I did all this while being an introvert.

Writing is an odd profession for an introvert. On the one hand, it’s a very isolating vocation. A writer spends hours, days, months alone in front of a computer (or typewriter, or notebook) clacking away while creating new worlds. You live inside your head. It’s a very comfortable space to be in if being around people normally gives you the hives.

On the other hand, writers these days must self-promote if they want to make a real go of things. Most writers I’ve spoken to are introverts, yet they are required to read excerpts in public in front of people. Crowds! Panic may easily set in. Then they are expected to sell books at tables at conventions, all the while talking up the people who stop by in the hope that they will buy your books. Talking up strangers! Panic may easily set in. They socialize at parties even if they suffer from crippling social anxiety. Your mouth turns to dust while you stand there trying to figure out what would make a good start to a conversation, hoping you don’t sound like a blithering idiot; especially when you’re either talking to someone you haven’t seen in months or someone you know only through Facebook.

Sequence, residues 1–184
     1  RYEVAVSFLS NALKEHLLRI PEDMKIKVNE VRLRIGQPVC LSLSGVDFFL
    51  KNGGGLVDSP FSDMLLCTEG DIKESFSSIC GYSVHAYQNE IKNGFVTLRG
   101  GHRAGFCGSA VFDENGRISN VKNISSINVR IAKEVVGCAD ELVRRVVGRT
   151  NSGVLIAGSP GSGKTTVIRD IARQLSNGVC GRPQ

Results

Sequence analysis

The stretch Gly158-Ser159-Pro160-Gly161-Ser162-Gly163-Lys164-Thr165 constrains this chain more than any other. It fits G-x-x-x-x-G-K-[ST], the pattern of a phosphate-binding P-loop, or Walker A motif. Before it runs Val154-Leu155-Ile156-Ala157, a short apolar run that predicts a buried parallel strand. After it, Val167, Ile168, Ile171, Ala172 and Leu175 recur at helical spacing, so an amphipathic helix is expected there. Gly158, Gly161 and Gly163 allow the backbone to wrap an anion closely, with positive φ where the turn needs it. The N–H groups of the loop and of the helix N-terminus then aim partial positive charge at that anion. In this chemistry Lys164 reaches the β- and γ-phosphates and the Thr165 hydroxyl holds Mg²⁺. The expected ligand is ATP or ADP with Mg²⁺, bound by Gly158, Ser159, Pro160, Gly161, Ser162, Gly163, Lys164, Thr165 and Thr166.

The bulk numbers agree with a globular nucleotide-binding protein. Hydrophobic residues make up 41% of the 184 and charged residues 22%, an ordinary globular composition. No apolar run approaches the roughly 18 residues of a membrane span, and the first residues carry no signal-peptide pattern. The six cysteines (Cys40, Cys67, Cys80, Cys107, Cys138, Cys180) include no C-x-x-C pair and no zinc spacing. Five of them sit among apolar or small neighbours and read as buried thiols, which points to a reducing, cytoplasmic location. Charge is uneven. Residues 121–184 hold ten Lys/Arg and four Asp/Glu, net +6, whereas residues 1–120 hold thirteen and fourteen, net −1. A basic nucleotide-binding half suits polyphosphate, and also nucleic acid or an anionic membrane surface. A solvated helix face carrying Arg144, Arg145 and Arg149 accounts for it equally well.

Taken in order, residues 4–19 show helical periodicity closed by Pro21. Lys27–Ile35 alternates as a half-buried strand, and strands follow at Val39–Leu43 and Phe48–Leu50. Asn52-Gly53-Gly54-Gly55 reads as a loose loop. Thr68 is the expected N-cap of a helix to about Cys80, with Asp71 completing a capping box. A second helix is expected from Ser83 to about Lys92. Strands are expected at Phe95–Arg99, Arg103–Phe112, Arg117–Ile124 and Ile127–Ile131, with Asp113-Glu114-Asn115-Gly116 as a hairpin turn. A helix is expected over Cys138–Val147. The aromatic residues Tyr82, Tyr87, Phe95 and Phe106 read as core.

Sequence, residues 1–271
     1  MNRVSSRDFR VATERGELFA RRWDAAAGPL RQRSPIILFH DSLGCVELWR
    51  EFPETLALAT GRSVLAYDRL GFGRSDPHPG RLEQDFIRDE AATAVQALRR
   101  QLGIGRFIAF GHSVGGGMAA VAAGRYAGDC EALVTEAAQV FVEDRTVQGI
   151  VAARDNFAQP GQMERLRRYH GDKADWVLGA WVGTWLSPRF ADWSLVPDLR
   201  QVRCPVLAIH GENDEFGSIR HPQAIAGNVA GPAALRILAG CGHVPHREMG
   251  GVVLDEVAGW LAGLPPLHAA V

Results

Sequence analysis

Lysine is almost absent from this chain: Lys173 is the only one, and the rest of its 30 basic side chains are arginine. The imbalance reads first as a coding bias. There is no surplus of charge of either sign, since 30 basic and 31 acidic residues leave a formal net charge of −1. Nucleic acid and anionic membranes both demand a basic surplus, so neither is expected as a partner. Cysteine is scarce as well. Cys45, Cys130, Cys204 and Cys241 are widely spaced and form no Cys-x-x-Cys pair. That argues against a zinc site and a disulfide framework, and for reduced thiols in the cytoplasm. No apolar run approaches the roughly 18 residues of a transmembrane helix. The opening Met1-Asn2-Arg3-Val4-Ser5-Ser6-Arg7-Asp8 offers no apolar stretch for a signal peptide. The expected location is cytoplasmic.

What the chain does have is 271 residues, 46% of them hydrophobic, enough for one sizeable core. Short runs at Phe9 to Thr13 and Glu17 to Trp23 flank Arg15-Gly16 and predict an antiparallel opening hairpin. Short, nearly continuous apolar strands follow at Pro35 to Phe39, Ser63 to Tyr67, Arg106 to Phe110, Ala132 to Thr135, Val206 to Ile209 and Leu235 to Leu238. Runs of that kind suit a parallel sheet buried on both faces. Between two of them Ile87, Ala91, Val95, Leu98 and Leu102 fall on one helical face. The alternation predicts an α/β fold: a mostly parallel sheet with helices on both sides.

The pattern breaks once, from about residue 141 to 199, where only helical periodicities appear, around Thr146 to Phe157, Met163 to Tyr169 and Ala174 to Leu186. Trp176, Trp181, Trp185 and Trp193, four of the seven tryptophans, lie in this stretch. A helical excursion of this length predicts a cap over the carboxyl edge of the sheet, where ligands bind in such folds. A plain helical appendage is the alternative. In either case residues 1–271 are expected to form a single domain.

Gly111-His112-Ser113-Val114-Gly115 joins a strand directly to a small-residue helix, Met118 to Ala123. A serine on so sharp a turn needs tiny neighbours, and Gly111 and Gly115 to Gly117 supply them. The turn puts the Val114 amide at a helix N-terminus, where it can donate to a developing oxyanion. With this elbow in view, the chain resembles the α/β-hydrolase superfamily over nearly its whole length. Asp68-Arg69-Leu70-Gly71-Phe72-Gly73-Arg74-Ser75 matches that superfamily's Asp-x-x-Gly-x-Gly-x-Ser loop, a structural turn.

It’s not easy.